07 August 2019
Understanding Dry Eye Syndrome
Dry eye is a common eye condition whereby the eyes do not produce enough tears for the eye to be sufficiently lubricated. This occurs for a number of reasons and can cause several uncomfortable symptoms. It’s estimated that around 7% of population suffer from dry eye, although this figure varies drastically according to age and gender (high instances in older female populations), and doesn’t include people who don’t know they have it. It’s important to understand the symptoms of dry eye and lifestyle choices that might be causing it but, thankfully, effective treatments are available. If you’re considering laser eye surgery but have dry eyes, you may need to go on a dry eye management plan prior to the procedure. We need the cornea to be as healthy as possible before committing to treating a patient, and ensuring that it’s well hydrated is a way to do this.
What are the symptoms?
There are a number of symptoms associated with dry eye disease. The level of discomfort occurring as a result of the condition varies from person to person, and you might not have all of these signs, but the only way to find out for sure is to have a professional examination.
- Tired and red eyes
- Sore or itchy eyes
- Burning sensation
- Dry sensation
- Foreign body sensation
- Light sensitivity
- Blurry vision
- Aching eyes
- Watery eyes
Most of these symptoms are interlinked; if your eyes are itchy, they’re also likely to be red, and if they feel extremely dry, chances are that comes with a burning sensation. One anomaly, however, is watery eyes; you might be wondering how dry eye disease can come with excessively watery eyes. The answer is actually very interesting and is testament to just how clever our biology is. The eye can detect when its surface is dry, in turn causing the tear ducts to go into overdrive, producing a surplus of tears to moisten the eye. The effects of this are only temporary, however, as the extra tears aren’t present for long enough to fix the condition. It’s an automatic reflex reaction from the eye, but the underlying causes cannot be treated merely by adding more moisture to the eye.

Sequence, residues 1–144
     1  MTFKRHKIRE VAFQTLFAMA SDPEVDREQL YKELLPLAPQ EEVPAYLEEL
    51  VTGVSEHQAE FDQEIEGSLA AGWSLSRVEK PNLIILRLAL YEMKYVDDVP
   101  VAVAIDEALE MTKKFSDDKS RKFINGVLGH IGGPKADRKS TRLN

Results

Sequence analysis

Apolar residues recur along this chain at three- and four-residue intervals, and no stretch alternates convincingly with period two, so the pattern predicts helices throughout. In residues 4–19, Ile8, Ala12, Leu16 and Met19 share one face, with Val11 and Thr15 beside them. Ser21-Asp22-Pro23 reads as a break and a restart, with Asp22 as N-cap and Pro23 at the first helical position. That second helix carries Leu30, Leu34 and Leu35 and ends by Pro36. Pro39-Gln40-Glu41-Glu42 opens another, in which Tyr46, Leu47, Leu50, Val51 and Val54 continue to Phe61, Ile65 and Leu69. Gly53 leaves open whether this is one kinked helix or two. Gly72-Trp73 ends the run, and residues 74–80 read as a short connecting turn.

What causes dry eye?
To understand why dry eye disease occurs, it’s important to know exactly what the tears in your eyes are comprised of. There are three components: one oily, one watery, and one mucus-like. Each of these elements of the tear film comes from different glands in different parts of the eye. The oily part is produced by glands in the eyelids, the watery component comes from glands above the upper eyelid, and the mucus part is produced by cells in the white of your eye.
A balance between all three components of the tear film is needed, so if a problem with any of them occurs, you could find yourself suffering with dry eyes. The tears not only keep your eyes moist – keeping dry eye at bay – but also wash away any dust or dirt, preventing infection and maintaining overall eye health. There are also lifestyle factors which can influence and bring on dry eye, which we’ll discuss in further depth shortly.
Are you increasing your risk?
There are a number of factors which make you a more likely dry eye candidate. Some of these are things which you can influence by changing habits, and some (unfortunately) are just in your biology. Steps that you can take to reduce your risk for dry eye, and potentially improve your symptoms, include:
- Cut down on your screen time
- Switch from contact lenses to glasses
- Stop smoking